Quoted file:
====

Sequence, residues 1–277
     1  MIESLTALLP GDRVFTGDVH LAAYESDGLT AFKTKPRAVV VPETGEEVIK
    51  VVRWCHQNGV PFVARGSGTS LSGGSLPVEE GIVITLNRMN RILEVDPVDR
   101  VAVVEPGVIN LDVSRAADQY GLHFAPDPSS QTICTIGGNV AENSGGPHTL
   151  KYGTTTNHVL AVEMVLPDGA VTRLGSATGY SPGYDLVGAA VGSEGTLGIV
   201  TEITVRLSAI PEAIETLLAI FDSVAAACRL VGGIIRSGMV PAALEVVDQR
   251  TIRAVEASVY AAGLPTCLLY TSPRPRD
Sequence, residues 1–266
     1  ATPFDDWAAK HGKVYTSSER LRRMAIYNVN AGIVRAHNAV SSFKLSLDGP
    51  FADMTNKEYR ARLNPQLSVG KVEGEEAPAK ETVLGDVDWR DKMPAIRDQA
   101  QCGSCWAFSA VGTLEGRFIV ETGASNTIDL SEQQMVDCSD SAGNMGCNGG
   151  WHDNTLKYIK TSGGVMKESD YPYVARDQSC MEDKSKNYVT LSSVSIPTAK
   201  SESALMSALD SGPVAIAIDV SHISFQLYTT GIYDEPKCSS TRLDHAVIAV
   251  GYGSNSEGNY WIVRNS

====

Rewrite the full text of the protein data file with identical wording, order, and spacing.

Sequence, residues 1–277
     1  MIESLTALLP GDRVFTGDVH LAAYESDGLT AFKTKPRAVV VPETGEEVIK
    51  VVRWCHQNGV PFVARGSGTS LSGGSLPVEE GIVITLNRMN RILEVDPVDR
   101  VAVVEPGVIN LDVSRAADQY GLHFAPDPSS QTICTIGGNV AENSGGPHTL
   151  KYGTTTNHVL AVEMVLPDGA VTRLGSATGY SPGYDLVGAA VGSEGTLGIV
   201  TEITVRLSAI PEAIETLLAI FDSVAAACRL VGGIIRSGMV PAALEVVDQR
   251  TIRAVEASVY AAGLPTCLLY TSPRPRD
Sequence, residues 1–266
     1  ATPFDDWAAK HGKVYTSSER LRRMAIYNVN AGIVRAHNAV SSFKLSLDGP
    51  FADMTNKEYR ARLNPQLSVG KVEGEEAPAK ETVLGDVDWR DKMPAIRDQA
   101  QCGSCWAFSA VGTLEGRFIV ETGASNTIDL SEQQMVDCSD SAGNMGCNGG
   151  WHDNTLKYIK TSGGVMKESD YPYVARDQSC MEDKSKNYVT LSSVSIPTAK
   201  SESALMSALD SGPVAIAIDV SHISFQLYTT GIYDEPKCSS TRLDHAVIAV
   251  GYGSNSEGNY WIVRNS